During heavy training periods I could get away with that and remain somewhat lean, what many would call skinny fat.  The off season was a different story.

Ahhh….the off season.  That period of time after your last big fall race and before you really need to start preparing for your first spring race.  There are two approaches to the off season: work your ass off to come back faster next year or rest on the prior year’s achievements and be lazy all winter.

Unfortunately all too often I sent with the latter option.  I had a good year, I deserved some time off right? This led to a bunch of weight gain in the off season that I had to work off come the spring.  It was my version of a yo-yo diet, only seasonal.

This trend persisted for several years, and probably would have persisted for several more had I not injured myself in the summer of 2013.

At that time my training focus had shifted to the marathon and trying to qualify for Boston.  The year prior I had fallen short of the qualifying time by 3 minutes.  I was determined to shave those 3 minutes off my time and started piling on more mileage during the spring and early summer.  I was racing too and failing to recover properly between races. I was so focused on the goal and determined to follow the plan that I had laid out that I neglected to listen to my body.

My Achilles tendon absolutely rebelled.  Of course I was fearful of getting off schedule and I made the mistake of trying to run through the pain. It only made matters worse. I eventually had to take time off.

I won’t lie, the time off made me depressed.  I didn’t feel like doing much of anything to even try and stay in shape even though I knew I should. Often times, instead of going for a run after work, I would I would down a six pack of beer, another vice of mine that I had been unable to kick since college.

Before I knew it I had ballooned up to 180 pounds!! This was 20 pounds above my “racing” weight and a little heavier than my typical off season weight.  And it wasn’t even September yet!


My second tipping point. Does this look like the body of an endurance athlete to you?

So for the second time in my life I hit a tipping point.  I couldn’t afford to put another 20-30 pounds on in the offseason.  I had to do something about it.

I started with diet because I still couldn’t run on my Achilles.  I didn’t know much about diet, but I knew enough to start cutting out processed foods so that’s where I started.  Then I did a stint of raw foods for awhile before settling of my own versions of the JERF principle (Just Eat REAL Foods) that included meat.

Diet wasn’t enough for me. I needed to exercise too. Endurance stuff was off the table due to the injury and my lack of interest to get back in the pool (swimming was always my least favorite of the three triathlon disciplines) so I picked up a beginner strength training program that focused on bodyweight exercises.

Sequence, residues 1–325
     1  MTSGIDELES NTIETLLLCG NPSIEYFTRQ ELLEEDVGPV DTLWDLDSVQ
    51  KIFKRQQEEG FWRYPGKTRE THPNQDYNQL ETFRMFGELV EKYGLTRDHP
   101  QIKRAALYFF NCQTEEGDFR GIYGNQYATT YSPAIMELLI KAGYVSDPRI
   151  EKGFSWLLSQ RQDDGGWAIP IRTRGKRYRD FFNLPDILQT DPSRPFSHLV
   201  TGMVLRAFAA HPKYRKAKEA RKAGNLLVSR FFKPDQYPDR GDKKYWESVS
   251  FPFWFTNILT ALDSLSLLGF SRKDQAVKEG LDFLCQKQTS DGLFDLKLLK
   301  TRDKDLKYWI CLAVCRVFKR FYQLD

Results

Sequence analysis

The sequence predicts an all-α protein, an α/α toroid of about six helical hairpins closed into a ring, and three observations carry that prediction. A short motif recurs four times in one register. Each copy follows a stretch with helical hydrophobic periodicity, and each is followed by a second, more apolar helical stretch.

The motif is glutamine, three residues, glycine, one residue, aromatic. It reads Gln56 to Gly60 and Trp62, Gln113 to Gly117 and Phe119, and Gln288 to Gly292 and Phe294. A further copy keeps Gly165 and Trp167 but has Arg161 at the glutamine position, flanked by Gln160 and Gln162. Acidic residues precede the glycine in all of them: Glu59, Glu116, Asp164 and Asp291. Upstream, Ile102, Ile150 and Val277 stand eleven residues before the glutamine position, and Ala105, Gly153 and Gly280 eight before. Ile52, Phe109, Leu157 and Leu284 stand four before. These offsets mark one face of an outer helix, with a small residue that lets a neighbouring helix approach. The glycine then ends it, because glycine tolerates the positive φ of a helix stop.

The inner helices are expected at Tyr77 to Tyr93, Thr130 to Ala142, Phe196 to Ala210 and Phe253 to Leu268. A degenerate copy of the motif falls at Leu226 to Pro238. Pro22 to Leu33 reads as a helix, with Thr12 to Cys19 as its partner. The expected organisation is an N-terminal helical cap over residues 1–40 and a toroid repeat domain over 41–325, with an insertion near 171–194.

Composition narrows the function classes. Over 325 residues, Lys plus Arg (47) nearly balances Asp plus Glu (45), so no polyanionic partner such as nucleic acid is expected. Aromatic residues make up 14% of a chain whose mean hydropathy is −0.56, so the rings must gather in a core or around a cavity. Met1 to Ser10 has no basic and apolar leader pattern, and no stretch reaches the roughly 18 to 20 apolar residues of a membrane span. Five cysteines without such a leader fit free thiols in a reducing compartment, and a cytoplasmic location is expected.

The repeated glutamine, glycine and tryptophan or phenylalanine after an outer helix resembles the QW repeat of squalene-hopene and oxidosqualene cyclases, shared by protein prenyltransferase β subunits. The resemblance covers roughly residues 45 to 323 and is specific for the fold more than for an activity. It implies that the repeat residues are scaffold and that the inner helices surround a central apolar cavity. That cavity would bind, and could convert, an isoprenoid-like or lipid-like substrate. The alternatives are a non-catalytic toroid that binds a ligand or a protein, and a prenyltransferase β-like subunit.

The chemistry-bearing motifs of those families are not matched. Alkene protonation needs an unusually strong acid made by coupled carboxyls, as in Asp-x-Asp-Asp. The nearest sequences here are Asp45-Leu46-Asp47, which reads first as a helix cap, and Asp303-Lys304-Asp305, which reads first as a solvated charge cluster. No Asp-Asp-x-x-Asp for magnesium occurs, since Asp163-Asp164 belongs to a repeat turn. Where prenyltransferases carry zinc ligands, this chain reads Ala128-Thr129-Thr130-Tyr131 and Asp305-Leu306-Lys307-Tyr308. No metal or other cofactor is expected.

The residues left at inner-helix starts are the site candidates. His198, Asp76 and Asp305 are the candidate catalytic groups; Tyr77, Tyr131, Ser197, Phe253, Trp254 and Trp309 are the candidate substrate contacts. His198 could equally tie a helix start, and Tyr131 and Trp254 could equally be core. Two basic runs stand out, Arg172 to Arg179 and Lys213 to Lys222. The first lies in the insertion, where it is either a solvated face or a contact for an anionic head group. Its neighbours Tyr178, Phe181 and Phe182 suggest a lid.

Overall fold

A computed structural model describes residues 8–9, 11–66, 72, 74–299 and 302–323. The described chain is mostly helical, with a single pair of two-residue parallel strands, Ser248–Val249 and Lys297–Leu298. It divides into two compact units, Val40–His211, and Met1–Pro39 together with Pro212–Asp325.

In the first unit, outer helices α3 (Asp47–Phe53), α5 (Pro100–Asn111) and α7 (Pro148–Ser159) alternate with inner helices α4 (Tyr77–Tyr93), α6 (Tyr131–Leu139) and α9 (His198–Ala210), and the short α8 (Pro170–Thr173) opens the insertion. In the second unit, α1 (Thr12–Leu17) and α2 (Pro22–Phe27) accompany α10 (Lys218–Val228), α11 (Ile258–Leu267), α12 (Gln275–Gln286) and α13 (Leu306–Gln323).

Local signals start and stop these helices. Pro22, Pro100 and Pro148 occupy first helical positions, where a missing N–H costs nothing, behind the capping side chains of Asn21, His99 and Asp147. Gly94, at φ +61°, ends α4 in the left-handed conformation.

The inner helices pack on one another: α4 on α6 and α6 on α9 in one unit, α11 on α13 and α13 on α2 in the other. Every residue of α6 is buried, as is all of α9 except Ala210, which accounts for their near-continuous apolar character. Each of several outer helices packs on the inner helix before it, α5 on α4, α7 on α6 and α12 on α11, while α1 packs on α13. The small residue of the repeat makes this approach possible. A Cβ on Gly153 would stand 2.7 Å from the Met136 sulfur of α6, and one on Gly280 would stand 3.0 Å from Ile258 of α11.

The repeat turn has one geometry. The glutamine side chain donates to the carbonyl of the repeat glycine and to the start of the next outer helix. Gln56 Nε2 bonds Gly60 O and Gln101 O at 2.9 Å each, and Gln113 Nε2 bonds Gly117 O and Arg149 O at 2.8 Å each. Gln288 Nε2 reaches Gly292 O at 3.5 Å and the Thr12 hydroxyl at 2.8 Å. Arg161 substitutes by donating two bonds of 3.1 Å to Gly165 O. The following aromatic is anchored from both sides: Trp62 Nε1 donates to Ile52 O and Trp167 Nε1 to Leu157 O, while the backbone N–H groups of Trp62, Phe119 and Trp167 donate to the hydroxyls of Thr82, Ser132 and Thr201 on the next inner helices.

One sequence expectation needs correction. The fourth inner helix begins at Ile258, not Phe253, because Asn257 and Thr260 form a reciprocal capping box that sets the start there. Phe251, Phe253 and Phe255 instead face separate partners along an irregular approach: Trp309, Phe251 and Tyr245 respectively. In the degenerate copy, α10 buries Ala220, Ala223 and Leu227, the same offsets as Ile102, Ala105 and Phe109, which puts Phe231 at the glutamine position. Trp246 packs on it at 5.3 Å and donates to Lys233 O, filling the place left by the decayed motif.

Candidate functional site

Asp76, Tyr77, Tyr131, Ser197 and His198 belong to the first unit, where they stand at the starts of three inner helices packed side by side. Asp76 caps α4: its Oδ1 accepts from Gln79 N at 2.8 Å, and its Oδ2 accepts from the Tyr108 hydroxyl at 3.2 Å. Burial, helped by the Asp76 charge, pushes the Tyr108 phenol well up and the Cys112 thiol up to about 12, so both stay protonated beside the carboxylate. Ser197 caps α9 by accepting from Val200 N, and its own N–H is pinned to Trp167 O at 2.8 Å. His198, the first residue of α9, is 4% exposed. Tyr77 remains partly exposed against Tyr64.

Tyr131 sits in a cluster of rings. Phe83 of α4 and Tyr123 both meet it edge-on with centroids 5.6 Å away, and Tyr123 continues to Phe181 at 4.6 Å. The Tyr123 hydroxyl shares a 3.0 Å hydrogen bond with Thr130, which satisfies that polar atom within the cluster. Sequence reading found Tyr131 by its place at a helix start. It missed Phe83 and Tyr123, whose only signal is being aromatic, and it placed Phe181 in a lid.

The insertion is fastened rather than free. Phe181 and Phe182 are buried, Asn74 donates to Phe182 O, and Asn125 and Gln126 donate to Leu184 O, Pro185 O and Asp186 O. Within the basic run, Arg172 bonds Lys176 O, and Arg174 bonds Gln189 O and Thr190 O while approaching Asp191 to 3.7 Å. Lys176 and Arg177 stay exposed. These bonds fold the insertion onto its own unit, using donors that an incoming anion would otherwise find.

Tyler Bramlett’s CT-50 program was exactly what I needed (Bonus points if you check out the site and spot me in the testimonial video).  Like too many endurances athletes I had completely neglected strength training and it showed. I had no muscle whatsoever.

And I was a giant wuss.

But that program got me into shape.  There were different levels and challenge workouts that you had to pass before moving onto the next level.  You constantly had a goal to work toward so it was easy to attack each workout with gusto.

I slimmed down some and eventually graduated the program and needed another challenge to keep shedding fat.

That’s when I found kettlebells, Travis Stoetzel, and his “Train Aggressive” philosophy. It was the perfect combination at the time.

In four months I went from soft and pudgy to the leanest I had ever been in my life.  I hadn’t felt that strong and athletic since my high school wrestling days.


After CT-50, before GBB


After 4 months of GBB. Yes, the first time I can remember seeing my abs









And I could run again!

All because of the strength training.

It was my epiphany of sorts: to realize how beneficial getting strong really is.

It truly is a foundation that everyone needs.  I believe that had I cultivated this foundation during my endurance days I would have suffered far fewer injuries and been a better athlete because of it.

So how did I get from there to this website? Well, the epiphany led me to want to learn more about becoming stronger and healthier. I started following other coaches, reading books and blogs, listening to podcasts, and testing workout and diet strategies.  I am in constant pursuit of knowledge and I want to use that to help others learn and improve themselves.

As I said on My Mission page, if that’s just one person, then I’ve accomplished what I set out to do.

So that’s my story thus far.  I invite you to listen to what I have to say and hopefully you learn something too. I can’t promise all of the answers because I still have so much to learn myself.  When in doubt do what I’ve done in pursuit of health and fitness and follow the advice of Bruce Lee:

“Absorb what is useful,

Discard what is not,

Add what is uniquely your own”